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| SMALL TALK / Advice From Small-Business Experts

Electronic Tools May Simplify Scheduling

September 20, 2000|KAREN E. KLEIN | SPECIAL TO THE TIMES

Q. I am the owner and only employee of a Spanish interpreting business, with about a dozen clients. I take work assignments by telephone, write them on my calendar and copy them into my computer for invoicing. This method is time-consuming and inefficient, but I'm not sure how to improve it. Should I buy an electronic planner? Or could I publish my calendar on the Web and have clients book my time interactively?

--Tess Flores, Lakewood

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A There are a couple of options for you to consider, depending on how much you want your clients to know about your business.

If you want to go with a Web-based calendar and booking system, a Web site at http://www.intranets.com lets you set up an electronic calendar and administer it yourself for free. You could establish user names and passwords for your clients and control their access to it so they can view your calendar and book appointments with you.

You would need to check the calendar at least daily and confirm the appointments. There may be an option to have the system notify you by e-mail when a booking has been made.

One downside to this process is that it enables your clients to see how busy you are--or are not. Are you worried that clients might check your calendar, decide you're overbooked and go elsewhere? Or, conversely, that they will see you have few appointments and wonder if you are the right person for the job? You must decide if the Web schedule is right for you and your company.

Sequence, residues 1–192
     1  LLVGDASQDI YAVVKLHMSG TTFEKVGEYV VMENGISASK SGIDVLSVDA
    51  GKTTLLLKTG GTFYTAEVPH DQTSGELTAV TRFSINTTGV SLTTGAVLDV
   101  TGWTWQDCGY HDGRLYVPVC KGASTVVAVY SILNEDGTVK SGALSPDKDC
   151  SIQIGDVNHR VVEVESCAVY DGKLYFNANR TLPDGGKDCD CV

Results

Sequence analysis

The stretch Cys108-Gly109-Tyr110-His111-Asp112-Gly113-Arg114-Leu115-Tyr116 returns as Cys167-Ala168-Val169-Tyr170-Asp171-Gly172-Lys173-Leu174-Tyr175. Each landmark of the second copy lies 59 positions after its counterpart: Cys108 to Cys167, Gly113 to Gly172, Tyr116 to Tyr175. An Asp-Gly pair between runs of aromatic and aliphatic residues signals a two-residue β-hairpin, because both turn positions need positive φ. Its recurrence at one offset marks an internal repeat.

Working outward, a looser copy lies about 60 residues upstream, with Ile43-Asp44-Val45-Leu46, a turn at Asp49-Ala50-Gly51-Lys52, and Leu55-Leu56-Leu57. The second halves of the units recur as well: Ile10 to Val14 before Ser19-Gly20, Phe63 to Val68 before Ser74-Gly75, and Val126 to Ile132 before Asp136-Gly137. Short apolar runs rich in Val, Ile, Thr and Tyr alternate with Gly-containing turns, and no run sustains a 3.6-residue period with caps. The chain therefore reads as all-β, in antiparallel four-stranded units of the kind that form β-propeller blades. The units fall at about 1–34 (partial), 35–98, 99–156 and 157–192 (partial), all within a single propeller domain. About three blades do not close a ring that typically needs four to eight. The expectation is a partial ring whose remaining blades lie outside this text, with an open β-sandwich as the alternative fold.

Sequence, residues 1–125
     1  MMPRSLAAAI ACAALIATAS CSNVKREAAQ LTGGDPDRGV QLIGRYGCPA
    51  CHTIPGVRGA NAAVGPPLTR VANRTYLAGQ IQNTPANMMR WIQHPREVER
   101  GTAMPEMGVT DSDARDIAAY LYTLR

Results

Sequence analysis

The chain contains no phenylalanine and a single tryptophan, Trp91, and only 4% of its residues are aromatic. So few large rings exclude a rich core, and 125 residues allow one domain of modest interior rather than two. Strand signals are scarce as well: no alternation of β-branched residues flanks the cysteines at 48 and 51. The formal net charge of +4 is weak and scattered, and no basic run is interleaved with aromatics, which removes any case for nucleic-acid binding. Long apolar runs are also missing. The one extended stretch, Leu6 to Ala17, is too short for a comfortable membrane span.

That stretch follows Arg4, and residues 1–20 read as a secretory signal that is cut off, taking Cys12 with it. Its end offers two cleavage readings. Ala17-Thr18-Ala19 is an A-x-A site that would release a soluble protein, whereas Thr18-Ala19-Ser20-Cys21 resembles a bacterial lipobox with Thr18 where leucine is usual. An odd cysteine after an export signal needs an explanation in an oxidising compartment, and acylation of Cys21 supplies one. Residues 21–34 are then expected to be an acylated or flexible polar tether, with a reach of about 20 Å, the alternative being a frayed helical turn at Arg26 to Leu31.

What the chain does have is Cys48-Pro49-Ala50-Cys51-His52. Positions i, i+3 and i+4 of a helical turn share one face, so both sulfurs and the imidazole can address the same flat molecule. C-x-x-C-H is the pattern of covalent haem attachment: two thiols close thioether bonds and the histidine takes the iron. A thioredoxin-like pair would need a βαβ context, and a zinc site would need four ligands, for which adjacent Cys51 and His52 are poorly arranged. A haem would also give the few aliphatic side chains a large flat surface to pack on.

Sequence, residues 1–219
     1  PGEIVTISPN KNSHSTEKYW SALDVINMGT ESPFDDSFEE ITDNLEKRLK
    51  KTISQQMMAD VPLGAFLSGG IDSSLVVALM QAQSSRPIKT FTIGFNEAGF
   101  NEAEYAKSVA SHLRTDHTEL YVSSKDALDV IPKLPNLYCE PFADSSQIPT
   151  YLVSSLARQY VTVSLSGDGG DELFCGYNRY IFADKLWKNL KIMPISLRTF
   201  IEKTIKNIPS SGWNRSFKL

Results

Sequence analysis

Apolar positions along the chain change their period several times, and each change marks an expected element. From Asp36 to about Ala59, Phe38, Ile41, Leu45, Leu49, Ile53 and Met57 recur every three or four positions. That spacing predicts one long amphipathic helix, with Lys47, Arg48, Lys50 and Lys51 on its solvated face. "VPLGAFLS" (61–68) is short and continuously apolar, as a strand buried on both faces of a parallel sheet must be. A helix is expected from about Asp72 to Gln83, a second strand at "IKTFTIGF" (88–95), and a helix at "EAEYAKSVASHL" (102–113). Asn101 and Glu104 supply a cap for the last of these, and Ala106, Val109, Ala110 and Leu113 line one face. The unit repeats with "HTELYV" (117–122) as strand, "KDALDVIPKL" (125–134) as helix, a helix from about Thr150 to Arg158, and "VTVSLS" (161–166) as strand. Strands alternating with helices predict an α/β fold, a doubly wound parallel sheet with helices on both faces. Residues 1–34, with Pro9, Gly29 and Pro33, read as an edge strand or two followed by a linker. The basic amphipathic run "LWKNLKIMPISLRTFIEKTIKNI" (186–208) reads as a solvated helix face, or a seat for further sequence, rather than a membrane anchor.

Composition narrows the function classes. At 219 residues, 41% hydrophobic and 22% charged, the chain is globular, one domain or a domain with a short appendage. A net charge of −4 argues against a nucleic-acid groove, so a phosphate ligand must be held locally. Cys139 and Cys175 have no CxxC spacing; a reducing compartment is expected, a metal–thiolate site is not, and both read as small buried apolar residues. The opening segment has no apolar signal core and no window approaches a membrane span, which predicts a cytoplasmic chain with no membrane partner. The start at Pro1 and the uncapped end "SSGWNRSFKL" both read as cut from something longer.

Setting up the system is fairly easy using the tools and instructions on the site, especially if you're comfortable with computer software. If you're not, I'd advise hiring a consultant to spend a couple of hours helping you understand the system, setting it up and installing security features.

The other option you mentioned, purchasing a Palm or similar hand-held device, could be done instead of or in addition to the Web calendar option. Rather than writing down appointments by hand, you'd enter your schedule in the Palm and download it to your PC and vice versa.

That way, if you're at a client's office and want to check your appointments, you would call up the updated calendar and have the information in front of you. Again, if you're fairly comfortable learning easy software, you can teach yourself how to make the most of this method.

--Asher Dahan, systems engineer, Certified Network Professionals, Los Angeles

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Recent Small Talk columns are at http://www.latimes.com/smtalk.

If you have a question about how to start or operate a small business, mail it to Karen E. Klein, Los Angeles Times, 1333 S. Mayflower Ave., Suite 100, Monrovia, CA 91016, or e-mail it to kklein6349@aol.com. Include your name, address and telephone number. This column is designed to answer questions of general interest. It should not be construed as legal advice.

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